Sir James George Frazer > The Golden Bough > Page 126
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Sir James George Frazer (1854–1941).  The Golden Bough.  1922.

Page 126
 
their tree no nuts, their field no corn; the produce of the year is supposed to depend on the gifts offered to these May singers. Here and in the cases mentioned above, where children go about with green boughs or garlands on May Day singing and collecting money, the meaning is that with the spirit of vegetation they bring plenty and good luck to the house, and they expect to be paid for the service. In Russian Lithuania, on the first of May, they used to set up a green tree before the village. Then the rustic swains chose the prettiest girl, crowned her, swathed her in birch branches and set her beside the May-tree, where they danced, sang, and shouted “O May! O May!” In Brie (Isle de France) a May-tree is erected in the midst of the village; its top is crowned with flowers; lower down it is twined with leaves and twigs, still lower with huge green branches. The girls dance round it, and at the same time a lad wrapt in leaves and called Father May is led about. In the small towns of the Franken Wald mountains in Northern Bavaria, on the second of May, a Walber tree is erected before a tavern, and a man dances round it, enveloped in straw from head to foot in such a way that the ears of corn unite above his head to form a crown. He is called the Walber, and used to be led in procession through the streets, which were adorned with sprigs of birch.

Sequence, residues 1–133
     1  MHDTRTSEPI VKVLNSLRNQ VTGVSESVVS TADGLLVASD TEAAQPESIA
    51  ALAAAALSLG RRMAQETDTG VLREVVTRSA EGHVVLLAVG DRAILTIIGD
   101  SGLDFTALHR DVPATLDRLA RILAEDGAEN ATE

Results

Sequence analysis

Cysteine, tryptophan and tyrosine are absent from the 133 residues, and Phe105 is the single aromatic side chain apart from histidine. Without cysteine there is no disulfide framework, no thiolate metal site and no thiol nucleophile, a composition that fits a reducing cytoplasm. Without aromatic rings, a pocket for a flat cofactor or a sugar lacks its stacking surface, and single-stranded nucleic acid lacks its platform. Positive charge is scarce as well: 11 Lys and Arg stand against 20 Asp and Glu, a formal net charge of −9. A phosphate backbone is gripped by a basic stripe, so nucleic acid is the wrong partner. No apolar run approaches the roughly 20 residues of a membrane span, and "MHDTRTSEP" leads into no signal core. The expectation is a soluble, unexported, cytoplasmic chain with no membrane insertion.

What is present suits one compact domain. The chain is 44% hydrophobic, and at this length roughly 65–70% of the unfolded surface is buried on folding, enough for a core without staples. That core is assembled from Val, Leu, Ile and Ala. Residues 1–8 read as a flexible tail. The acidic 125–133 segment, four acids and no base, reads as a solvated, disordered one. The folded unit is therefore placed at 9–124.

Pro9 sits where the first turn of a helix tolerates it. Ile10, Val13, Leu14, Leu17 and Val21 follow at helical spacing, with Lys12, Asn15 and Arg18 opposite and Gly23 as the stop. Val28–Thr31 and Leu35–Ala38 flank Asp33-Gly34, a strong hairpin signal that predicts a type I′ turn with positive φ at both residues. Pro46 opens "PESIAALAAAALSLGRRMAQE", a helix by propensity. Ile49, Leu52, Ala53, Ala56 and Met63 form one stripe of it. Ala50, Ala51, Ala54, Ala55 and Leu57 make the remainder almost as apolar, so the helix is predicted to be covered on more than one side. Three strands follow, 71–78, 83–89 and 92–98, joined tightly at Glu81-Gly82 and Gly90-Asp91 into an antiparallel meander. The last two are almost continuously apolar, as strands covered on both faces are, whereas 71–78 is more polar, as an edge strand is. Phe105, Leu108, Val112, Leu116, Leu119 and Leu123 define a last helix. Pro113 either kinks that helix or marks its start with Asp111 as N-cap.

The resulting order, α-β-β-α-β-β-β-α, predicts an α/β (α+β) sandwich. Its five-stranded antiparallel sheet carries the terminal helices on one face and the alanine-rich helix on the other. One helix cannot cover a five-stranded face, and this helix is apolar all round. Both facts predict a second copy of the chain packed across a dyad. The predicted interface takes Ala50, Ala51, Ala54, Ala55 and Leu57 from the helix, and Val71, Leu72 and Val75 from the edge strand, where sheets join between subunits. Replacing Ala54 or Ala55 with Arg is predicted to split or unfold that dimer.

Amongst the Slavs of Carinthia, on St. George’s Day (the twentythird of April), the young people deck with flowers and garlands a tree which has been felled on the eve of the festival. The tree is then carried in procession, accompanied with music and joyful acclamations, the chief figure in the procession being the Green George, a young fellow clad from head to foot in green birch branches. At the close of the ceremonies the Green George, that is an effigy of him, is thrown into the water. It is the aim of the lad who acts Green George to step out of his leafy envelope and substitute the effigy so adroitly that no one shall perceive the change. In many places, however, the lad himself who plays the part of Green George is ducked in a river or pond, with the express intention of thus ensuring rain to make the fields and meadows green in summer. In some places the cattle are crowned and driven from their stalls to the accompaniment of a song:

Green George we bring,
Green George we accompany,
May he feed our herds well.
If not, to the water with him.
 
Here we see that the same powers of making rain and fostering the cattle, which are ascribed to the tree-spirit regarded as incorporate in the tree, are also attributed to the tree-spirit represented by a living man.
  Among the gypsies of Transylvania and Roumania the festival of Green George is the chief celebration of spring. Some of them keep it on Easter Monday, others on St. George’s Day (the twentythird of April). On the eve of the festival a young willow tree is

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